During the social distancing and quarantining that has become the hallmark of the Coronavirus pandemic, deliveries by UPS, Federal Express, Amazon and others have become the primary way many of us are doing all or almost all of our shopping.  Scammers are always taking advantage of whatever is popular with people and there is no shortage of scams related to deliveries following online purchases.  I have written about many of these, but there are always new ones popping up.

Recently many people are reporting receivng text messages that appear to come from UPS or Federal Express indicating that it is necessary for you to update your delivery preferences.  In order to do so you are asked to click on a link and provide personal information.  Unfortunately, if you click on the link one of two things will happen.  Either you will be taken to a page where you provide your personal information to a criminal who will use the information to make you a victim of identity theft or you will download dangerous malware, such as ransomware, merely by clicking on the link.

If you receive an email  or text message from a company that asks you to click on a link or download an attachment, you should hesitate to do so, particularly if it appears bogus.  Never click on any link in an email or text message until you have confirmed that it is legitimate.  It is important to remember that through a technique called “spoofing,” scammers can make a phone call appear to come from any telephone number that they wish.  Also, although it is important to have security software on all of your electronic devices, you can’t totally rely on your security software to protect you from the latest forms of zero-day defect malware for which there has not yet been issued a security update.   If you have the slightest thought that an email or text message asking you to click on a link may be legitimate, rather than click on the link, go to the website of the company, which in the case of Federal Express is www.fedex.com or call them directly at 1-800-463-3339.  Also, if you wish to track a Federal Express delivery go directly to the website of Federal Express rather than click on any link in an email or text message that purports to take you to the Federal Express website.  Similarly, you can do the same for other delivery services.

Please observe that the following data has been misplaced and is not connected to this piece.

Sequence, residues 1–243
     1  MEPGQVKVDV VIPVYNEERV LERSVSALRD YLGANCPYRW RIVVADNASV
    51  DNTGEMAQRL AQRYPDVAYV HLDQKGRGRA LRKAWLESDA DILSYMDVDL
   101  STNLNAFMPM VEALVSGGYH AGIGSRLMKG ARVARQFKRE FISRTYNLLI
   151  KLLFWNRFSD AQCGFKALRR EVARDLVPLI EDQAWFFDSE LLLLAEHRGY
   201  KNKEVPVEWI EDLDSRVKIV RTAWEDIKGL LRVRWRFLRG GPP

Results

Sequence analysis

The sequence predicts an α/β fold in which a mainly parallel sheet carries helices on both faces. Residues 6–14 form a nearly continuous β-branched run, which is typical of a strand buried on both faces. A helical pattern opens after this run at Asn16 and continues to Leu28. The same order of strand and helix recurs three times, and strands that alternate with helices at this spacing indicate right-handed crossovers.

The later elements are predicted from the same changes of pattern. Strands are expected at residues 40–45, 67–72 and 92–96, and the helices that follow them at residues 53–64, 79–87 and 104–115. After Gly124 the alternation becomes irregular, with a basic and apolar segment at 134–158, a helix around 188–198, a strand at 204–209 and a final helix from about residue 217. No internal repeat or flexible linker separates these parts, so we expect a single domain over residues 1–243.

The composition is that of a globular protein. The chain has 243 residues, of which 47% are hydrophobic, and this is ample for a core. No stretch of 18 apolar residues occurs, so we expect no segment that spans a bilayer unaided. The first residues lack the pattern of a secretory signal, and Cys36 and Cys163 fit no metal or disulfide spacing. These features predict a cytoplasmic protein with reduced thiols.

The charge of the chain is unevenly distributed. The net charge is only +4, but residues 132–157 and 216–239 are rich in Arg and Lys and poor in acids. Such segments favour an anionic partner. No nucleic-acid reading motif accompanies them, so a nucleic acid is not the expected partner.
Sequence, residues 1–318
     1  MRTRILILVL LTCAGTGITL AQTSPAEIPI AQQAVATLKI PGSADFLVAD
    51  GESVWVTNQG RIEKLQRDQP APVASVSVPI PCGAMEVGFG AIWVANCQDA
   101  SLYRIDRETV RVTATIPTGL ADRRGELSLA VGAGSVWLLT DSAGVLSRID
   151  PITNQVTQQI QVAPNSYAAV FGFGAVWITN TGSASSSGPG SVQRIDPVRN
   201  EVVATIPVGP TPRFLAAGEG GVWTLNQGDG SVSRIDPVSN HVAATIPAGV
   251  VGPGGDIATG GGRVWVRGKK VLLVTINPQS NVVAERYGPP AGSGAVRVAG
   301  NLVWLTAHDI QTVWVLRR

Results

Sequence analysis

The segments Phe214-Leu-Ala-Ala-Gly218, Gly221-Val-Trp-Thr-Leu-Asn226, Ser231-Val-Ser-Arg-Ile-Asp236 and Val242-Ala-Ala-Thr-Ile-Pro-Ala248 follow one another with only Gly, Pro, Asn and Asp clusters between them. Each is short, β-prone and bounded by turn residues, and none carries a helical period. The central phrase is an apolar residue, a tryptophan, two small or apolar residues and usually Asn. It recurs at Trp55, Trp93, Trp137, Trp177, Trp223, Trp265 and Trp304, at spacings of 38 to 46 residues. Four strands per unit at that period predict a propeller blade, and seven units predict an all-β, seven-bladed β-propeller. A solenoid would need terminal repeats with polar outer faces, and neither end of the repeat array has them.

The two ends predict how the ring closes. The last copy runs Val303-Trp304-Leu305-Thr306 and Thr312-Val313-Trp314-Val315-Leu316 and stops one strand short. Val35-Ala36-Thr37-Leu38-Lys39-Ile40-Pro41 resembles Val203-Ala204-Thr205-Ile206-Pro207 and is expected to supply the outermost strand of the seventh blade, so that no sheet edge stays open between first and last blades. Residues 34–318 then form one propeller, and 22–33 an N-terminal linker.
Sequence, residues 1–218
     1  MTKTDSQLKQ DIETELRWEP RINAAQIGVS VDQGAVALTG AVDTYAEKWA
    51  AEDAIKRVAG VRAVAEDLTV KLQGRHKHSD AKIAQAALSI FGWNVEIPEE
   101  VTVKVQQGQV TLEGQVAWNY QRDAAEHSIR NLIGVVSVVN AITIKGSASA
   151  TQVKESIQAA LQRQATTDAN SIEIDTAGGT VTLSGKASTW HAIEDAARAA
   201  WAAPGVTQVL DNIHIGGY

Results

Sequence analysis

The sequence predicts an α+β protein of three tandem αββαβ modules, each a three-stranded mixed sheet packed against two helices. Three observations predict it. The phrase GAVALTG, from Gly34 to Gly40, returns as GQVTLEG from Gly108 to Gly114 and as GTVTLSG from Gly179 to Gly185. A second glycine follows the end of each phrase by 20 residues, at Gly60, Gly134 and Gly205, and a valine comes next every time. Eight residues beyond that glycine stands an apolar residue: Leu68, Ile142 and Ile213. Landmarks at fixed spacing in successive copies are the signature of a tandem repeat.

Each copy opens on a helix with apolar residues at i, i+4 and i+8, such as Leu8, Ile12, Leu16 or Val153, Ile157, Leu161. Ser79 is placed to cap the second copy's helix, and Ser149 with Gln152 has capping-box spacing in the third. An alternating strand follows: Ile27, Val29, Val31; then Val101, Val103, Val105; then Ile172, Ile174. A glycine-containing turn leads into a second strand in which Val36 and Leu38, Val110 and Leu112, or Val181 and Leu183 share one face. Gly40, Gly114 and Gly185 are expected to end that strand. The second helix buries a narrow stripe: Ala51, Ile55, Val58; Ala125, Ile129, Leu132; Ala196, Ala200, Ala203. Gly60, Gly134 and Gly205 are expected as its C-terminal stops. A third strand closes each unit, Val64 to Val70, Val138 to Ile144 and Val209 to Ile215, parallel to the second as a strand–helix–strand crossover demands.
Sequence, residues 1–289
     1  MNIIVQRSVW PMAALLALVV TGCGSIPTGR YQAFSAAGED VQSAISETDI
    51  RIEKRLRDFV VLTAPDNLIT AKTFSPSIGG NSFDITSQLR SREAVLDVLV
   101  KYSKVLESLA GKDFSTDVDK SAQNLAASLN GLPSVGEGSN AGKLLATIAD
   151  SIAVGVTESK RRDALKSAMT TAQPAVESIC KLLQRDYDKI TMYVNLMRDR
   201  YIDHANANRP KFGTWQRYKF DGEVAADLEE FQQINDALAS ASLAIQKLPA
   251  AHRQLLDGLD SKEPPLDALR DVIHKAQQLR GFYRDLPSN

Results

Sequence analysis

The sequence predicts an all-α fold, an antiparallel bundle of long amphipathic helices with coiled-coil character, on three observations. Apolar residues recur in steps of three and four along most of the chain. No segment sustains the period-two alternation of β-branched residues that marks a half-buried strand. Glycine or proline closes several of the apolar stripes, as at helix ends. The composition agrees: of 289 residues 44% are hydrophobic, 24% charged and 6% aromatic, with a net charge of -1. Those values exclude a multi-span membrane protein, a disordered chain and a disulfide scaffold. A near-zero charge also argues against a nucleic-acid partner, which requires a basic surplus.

For those of you receiving the Scam of the day through an email, I just want to remind you that if you want to see the ever increasing list of Coronavirus scams go to the first page of the http://www.scamicide.com website and click on the tab at the top of the page that indicates “Coronavirus Scams.”  Scamicide was recently cited by the New York Times as one of three top sources for information about Coronavirus related scams.

If you are not a subscriber to Scamicide.com and would like to receive daily emails with the Scam of the day, all you need to do is to go to the bottom of the initial page of http://www.scamicide.com and click on the tab that states “Sign up for this blog.”